7. Sigmund Freud & Irrationalism • Sigmund Freud (1856-1939) The father of Psychoanalysis • The Interpretation of Dreams, 1900 • Dreams are essentially a way for the unconscious mind to deal with unsettling conscious events—they get repressed into the unconscious. Dreams can be understood in terms of their symbolism to issues we are struggling with. If you are unable to do this, then you will experience severe anxiety and possibly mental illness. Naturally, Freud would suggest psychoanalysis to bring those issues to the surface, so you could deal with them. He used hypnosis and regression to get you talking. Once these issues were brought to light—resolution.

  8. Freud continued • The Ego and the Id 1923 • According to Freud, your head is a battleground for conflicting forces. • The id (amygdala) is the center of unconscious drives (irrational thought, aggression, emotions, lust, love, etc.) Pleasure center. • The ego (frontal cortex) is the brains CEO of reason. Reality center. It mediates between the forces of id and superego. • The superego is the external source of moral values super imposed on people by society, religion, school, and parents. • Current studies show fluctuations in hormones in teen boys (testosterone) and teen girls (estrogen) impact the…..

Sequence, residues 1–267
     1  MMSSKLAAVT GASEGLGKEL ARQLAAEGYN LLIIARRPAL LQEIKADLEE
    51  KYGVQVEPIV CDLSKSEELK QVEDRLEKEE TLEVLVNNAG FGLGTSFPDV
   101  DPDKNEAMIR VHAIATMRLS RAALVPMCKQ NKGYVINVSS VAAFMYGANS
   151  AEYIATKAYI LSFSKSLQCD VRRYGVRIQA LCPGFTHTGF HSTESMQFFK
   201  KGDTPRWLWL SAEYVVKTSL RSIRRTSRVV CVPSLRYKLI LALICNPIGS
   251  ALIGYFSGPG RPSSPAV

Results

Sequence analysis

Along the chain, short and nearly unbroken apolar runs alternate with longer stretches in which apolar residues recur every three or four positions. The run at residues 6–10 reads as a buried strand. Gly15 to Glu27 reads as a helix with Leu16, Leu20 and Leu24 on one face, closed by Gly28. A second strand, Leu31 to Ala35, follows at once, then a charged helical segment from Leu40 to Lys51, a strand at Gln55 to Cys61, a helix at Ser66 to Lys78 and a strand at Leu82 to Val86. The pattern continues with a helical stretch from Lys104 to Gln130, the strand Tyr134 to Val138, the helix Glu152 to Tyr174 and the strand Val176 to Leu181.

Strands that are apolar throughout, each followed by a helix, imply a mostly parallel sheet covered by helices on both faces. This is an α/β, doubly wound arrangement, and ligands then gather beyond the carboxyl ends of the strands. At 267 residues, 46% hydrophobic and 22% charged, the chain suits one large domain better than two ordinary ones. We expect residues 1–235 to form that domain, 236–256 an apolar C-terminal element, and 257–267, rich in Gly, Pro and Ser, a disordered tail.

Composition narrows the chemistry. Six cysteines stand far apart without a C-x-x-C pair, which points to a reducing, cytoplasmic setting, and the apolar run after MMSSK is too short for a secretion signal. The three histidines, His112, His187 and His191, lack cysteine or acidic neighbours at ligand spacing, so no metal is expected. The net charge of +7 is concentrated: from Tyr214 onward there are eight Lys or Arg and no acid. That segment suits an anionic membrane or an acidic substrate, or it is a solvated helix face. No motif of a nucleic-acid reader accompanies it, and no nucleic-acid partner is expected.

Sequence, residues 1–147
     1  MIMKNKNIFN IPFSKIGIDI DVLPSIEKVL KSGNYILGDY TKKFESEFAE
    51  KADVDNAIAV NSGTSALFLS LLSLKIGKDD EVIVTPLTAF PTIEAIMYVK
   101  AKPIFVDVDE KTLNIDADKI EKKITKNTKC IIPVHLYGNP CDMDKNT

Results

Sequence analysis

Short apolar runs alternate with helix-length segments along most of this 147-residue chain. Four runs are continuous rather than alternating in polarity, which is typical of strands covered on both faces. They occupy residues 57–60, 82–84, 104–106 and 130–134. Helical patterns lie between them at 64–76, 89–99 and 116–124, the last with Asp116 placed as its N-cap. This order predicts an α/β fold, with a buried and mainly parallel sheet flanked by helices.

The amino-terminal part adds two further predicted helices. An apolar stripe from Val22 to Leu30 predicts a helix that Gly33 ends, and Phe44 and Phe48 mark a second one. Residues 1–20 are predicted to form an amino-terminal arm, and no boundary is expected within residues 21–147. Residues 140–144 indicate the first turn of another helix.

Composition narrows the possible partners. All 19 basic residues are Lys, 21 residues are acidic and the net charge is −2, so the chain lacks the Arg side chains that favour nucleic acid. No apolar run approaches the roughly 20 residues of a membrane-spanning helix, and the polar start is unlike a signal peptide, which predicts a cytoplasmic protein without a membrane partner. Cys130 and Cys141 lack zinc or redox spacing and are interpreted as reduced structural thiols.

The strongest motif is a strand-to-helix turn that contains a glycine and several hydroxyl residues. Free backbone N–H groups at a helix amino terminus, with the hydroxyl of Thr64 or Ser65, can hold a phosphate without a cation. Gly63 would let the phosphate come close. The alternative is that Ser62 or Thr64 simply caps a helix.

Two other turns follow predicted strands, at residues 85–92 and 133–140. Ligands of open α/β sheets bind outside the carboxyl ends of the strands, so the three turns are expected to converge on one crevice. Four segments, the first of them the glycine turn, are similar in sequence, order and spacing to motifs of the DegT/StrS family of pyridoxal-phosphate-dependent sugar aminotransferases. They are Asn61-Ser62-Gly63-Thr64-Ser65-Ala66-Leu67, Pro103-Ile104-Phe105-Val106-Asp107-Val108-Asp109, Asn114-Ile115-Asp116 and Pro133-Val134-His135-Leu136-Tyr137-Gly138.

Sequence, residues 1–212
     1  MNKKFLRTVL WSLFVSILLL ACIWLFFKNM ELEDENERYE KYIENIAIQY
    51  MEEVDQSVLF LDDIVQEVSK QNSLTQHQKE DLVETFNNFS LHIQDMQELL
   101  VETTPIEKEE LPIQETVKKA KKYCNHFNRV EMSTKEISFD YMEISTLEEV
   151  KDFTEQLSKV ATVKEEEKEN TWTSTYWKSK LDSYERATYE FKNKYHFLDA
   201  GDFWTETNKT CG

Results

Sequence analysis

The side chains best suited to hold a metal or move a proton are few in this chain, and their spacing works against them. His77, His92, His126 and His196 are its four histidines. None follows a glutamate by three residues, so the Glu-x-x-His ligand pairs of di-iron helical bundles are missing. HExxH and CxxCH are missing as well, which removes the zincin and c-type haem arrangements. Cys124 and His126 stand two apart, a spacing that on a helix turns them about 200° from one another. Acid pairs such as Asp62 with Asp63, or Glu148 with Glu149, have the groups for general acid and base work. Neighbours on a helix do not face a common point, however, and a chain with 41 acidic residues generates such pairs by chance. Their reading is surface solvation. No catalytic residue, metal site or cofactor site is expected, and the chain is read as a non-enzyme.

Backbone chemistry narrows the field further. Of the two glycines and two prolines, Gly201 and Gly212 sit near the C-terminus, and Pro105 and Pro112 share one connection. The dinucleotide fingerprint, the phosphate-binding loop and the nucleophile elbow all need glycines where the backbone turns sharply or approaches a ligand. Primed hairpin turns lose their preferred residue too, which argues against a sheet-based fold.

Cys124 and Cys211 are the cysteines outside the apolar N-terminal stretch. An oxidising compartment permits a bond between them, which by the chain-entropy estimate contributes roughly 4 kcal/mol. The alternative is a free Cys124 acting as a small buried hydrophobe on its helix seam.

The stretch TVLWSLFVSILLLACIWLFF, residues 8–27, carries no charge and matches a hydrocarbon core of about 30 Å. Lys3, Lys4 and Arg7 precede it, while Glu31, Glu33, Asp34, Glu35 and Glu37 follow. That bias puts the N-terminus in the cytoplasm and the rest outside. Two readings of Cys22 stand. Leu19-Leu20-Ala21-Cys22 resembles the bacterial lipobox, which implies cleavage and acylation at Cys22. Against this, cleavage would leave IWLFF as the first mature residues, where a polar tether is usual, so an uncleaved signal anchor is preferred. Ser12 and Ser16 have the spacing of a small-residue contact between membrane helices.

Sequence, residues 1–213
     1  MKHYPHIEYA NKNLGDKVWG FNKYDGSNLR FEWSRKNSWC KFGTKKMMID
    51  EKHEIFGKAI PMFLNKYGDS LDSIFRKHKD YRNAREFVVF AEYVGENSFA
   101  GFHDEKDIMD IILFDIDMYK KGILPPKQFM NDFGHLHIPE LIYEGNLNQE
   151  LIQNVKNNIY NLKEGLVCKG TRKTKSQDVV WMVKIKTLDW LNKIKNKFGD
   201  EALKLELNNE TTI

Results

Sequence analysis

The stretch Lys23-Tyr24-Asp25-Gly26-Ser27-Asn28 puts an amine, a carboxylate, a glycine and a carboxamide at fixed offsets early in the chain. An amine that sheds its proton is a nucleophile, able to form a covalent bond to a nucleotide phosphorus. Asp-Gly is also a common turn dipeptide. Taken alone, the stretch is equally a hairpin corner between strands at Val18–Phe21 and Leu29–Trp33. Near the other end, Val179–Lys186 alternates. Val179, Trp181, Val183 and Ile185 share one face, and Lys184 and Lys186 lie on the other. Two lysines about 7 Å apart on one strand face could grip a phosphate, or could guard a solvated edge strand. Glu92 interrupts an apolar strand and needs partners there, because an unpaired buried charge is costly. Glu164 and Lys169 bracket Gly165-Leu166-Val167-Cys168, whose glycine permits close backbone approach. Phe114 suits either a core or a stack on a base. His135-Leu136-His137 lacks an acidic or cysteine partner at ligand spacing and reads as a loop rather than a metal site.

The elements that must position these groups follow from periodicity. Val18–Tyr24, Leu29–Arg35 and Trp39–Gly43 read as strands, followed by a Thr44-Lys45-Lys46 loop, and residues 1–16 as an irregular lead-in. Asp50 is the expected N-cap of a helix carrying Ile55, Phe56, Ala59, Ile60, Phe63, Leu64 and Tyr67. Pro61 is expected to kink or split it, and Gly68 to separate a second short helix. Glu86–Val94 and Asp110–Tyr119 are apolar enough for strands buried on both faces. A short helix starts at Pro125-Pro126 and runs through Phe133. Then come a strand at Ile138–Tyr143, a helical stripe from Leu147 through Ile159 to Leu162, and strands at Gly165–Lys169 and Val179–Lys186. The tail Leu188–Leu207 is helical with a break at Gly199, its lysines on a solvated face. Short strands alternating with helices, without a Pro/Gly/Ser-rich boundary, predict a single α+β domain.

9. Freud concluded • Conflicts with parents • Boys experience the Oedipus Complex and girls the Electra Complex. • Essentially, young men are often attached to their moms as their female figure. As he enters puberty, the female becomes a figure of sexual desire, thus he pulls away from his mother as she can’t be that figure. To resolve this issue, he seeks a out girlfriend to become the figure of his sexual desires. In addition, he has conflict with his father as he asserts his maleness. The young woman does the same with her father figure and has conflict with the mother. • According to Feud, if we are unable to detach form the one parent and have some conflict with the other we will repress our desires and experience inner turmoil. Furthermore, we wont develop “normal” relationships with opposite sex.

  10. p. 740